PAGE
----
As general manager and editor of Big Horn County News in Montana, Luella Brien was tired of constantly fighting for coverage of the Crow Indian Reservation, which makes up nearly 80% of the county’s land area.
So she quit and started her own nonprofit outlet, Four Points Press.
Nearly one year later, Four Points Press is getting ready to move into office space in the heart of Crow Agency, the reservation’s government center. Thanks to a grant from the Reynolds Journalism Institute, she has two reporters, one part-time and one full-time, who both live on the reservation. They’re covering the hyperlocal issues — tribal politics, school closures, local businesses — that rarely get attention from the state’s corporate media outlets.
“Natives (often) have to read news articles from people who don’t live here, who don’t understand the nuance, who don’t understand even what is a legitimate name in the community,” said Brien, recalling an instance while at the University of Montana where a person gave a fake name to a student reporter — “Luke Warmwater” — that ended up in the paper.
Now she’s running a publication by and for the Apsáalooke (the tribe’s original name), a longtime dream for Brien.
“I’m the first female tribal member to get a journalism degree, and probably only the second or third to work in the industry,” she added, noting that other reporters have come up after her. “I’m from here, I grew up here. There’s a built-in trust.”
>> We’re highlighting the work of indigenous news outlets ahead of Indigenous People’s Day on October 10. Read more perspectives about the holiday and learn more about tribal media outlets from the Native American Journalists Association.
Indigenous news organizations fill a big gap in news coverage for tribal communities, which often face stereotypical, harmful and sparse coverage from corporate media outlets. There’s another challenge for journalists: many tribal nations don’t have constitutional protections for freedom of the press and information.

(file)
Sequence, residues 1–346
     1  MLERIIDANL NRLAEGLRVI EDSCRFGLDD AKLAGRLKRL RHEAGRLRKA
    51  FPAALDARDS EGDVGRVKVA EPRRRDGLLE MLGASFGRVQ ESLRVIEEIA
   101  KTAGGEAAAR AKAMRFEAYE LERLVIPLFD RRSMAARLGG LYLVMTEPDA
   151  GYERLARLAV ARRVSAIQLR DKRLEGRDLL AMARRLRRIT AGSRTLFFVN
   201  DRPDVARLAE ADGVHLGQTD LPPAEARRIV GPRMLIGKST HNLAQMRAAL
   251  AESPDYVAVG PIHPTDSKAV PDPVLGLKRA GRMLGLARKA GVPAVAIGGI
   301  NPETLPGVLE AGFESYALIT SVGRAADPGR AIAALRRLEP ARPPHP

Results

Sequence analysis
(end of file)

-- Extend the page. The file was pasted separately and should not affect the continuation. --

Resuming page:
Osage Nation, headquartered in Pawhuska, Oklahoma, didn’t have a dedicated news organization until 2009, after a Supreme Court ruling enshrined constitutional press freedoms and the legislature mandated funding for Osage News.
Before that, there was a communications department with a monthly newsletter reviewed by the Chief, said Shannon Shaw Duty, editor of Osage News. Journalists working without that protection are fearful of reporting on issues that might be perceived as negative by officials, have quit in protest or been fired from their jobs.
“The first thing I did after our press freedoms came about was move us from our offices that were next to the Chief’s building, changed our logo, killed all elected officials’ editorials, and began reporting, among many other things,” she said. “It was a wild time.”
Osage News has won numerous awards, including the Elias Boudinot Free Press Award in 2014 for holding tribal leaders accountable under the Osage Open Records Act, and Best Newspaper from the Oklahoma chapter of the Society of Professional Journalists in 2021.
>> At The Pivot Fund, we’re focused on elevating these kinds of locally-rooted news organizations that not only tell the stories of BIPOC communities, but will be accountable to them long-term. It’s up to grantmakers, foundations and philanthropists to learn how to be good partners to these underserved communities.
Osage News has received financial sustainability grants to help it form a business plan. The news operation is also expanding its social media presence, and just published the first episode of a new podcast, “This Osage Life.”
“I can already tell this is something that we will have to continue doing because our readers loved it,” Shaw Duty said.
It can also be challenging to raise local dollars — a requirement of many journalism grants — in a small community where many people are grappling with unemployment, housing costs and other pressures, Brien said. As she works to build a sustainable path for the news organization, Brien is working two other jobs, including teaching journalism at Lodge Grass High School, where she hopes to spark students’ interest in journalism and storytelling.
Eventually, she wants to expand the organization to include book publishing and documentary film, to expand the kinds of Apsáalooke stories that are told.
“There are people who have amazing biographies that should be written. But there’s no outlet for that,” Brien said. “But that has to be part of this, Four Points Press.”